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US Forest Service
Attention: Urban and Community Forestry
201 14th Street SW
Washington, D.C. 20250

(202) 205-1054

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Urban and Community Forestry

Welcome to Urban and Community Forestry

What is an Urban Forest?

Bikers using the urban forest

Urban forests are trees for people!

They are dynamic ecosystems that provide environmental services such as clean air and water. Trees cool cities and save energy; improve air quality; strengthen quality of place and local economies; reduce storm water runoff; improve social connections; complement smart growth; and create walkable communities.

Learn more about this critical resource and what the Forest Service is doing to protect it…


Spotlight

Urban Forests in the News

nucfac logo

National Urban and Community Forestry Advisory Council

2015 Urban and Community Forestry Challenge Cost Share grant applications are to be submitted by May 15, 2014.

tree people event

Setting Trees Free in Public

Last week's TreePeople project was to remove heavy reinforced concrete collars from around the roots of each tree as well as posts and ties from their trunks. The idea was to set the trees free.

Community Trees

Sustaining America's Urban Trees and Forests: A Forests on the Edge Report

The distribution of urban tree cover and the benefits of urban forests vary across the United States, as do the challenges of sustaining this important resource. Learn more from this new US Forest Service report.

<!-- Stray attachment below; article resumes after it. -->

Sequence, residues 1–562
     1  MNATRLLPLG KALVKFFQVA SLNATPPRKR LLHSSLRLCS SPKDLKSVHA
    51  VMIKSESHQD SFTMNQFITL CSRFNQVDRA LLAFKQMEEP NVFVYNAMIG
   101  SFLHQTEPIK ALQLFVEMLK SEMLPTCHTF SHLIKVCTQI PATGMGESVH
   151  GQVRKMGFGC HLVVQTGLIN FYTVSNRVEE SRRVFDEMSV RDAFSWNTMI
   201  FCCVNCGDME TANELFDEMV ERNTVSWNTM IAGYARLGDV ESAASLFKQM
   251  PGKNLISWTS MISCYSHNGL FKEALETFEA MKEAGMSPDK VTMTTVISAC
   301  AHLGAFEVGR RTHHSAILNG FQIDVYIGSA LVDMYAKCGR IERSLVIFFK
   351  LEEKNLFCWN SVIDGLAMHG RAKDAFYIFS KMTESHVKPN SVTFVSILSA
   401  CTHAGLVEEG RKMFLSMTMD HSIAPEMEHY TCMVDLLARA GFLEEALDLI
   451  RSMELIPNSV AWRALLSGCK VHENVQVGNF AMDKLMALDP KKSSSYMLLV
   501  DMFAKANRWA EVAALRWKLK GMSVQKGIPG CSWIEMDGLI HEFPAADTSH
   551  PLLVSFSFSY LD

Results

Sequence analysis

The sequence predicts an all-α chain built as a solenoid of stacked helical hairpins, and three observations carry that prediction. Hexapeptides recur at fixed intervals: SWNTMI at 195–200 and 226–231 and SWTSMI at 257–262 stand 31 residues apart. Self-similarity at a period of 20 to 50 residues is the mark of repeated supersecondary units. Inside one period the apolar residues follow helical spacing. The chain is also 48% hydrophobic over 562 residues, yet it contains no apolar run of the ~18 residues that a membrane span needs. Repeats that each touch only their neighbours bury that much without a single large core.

Missisippi Urban Forest Coalition Logo

Annual Statewide Conference: Sustainable Choices for Today,
Planting for Tomorrow

Celebrate Mississippi Arbor Week and learn about the newest aspects of “Greening Your Community, Home or Business.”February 9th - 10th, 2011.

treelink logo

TreeLink

For additional urban forestry information and networking opportunities, please visit our partners at TreeLink. Knoledge empowering people and technology enabling cities to support urban & community forests.

portland oregon

More trees in a city bring surprising benefit, Portland study finds

Pregnant women living in houses graced by more trees were significantly less likely to deliver undersized babies.

Browse by subject

The Forest Service supports projects and research related to a diverse array of urban and community forestry issues. Follow the links below for more information, or visit our full subject page to learn about more endeavors.

NCTC

Green infrastructure

Conservation planning using a green infrastructure approach helps communities balance environmental and economic goals to achieve smarter, more sustainable land use patterns.

Join the online network of professionals.

Tree Owner's Manual

One common issue facing our urban forests is the fact that trees are dying prematurely. Many are planted improperly, setting them up for failure. Many do not receive regular maintenance. And few are adequately protected during construction projects. To help remedy this issue, the Forest Service has created this Tree Owner’s Manual.

Greenhouse Warming and Landscape Care

Greenhouse Warming and Landscape Care and other reports from the Northern Research Station highlight the importance of trees and "green" landscaping practices in reducing the urban carbon footprint.

Tree Rings and the Local Environment

Reading this article, you will be able to define tree rings and describe how they are formed, explain the types of information that can be gathered from tree ring records and why they are useful, and describe the science of dendrochronology and the importance of crossdating in assigning tree ring calendar years. CEUs for this article apply to Certified Arborist, Utility Specialist, Municipal Specialist, Tree/Worker Climber, and the BCMA science category.

US Forest Service
Last modified: February 26, 2014
http://www.fs.fed.us//ucf/index.shtml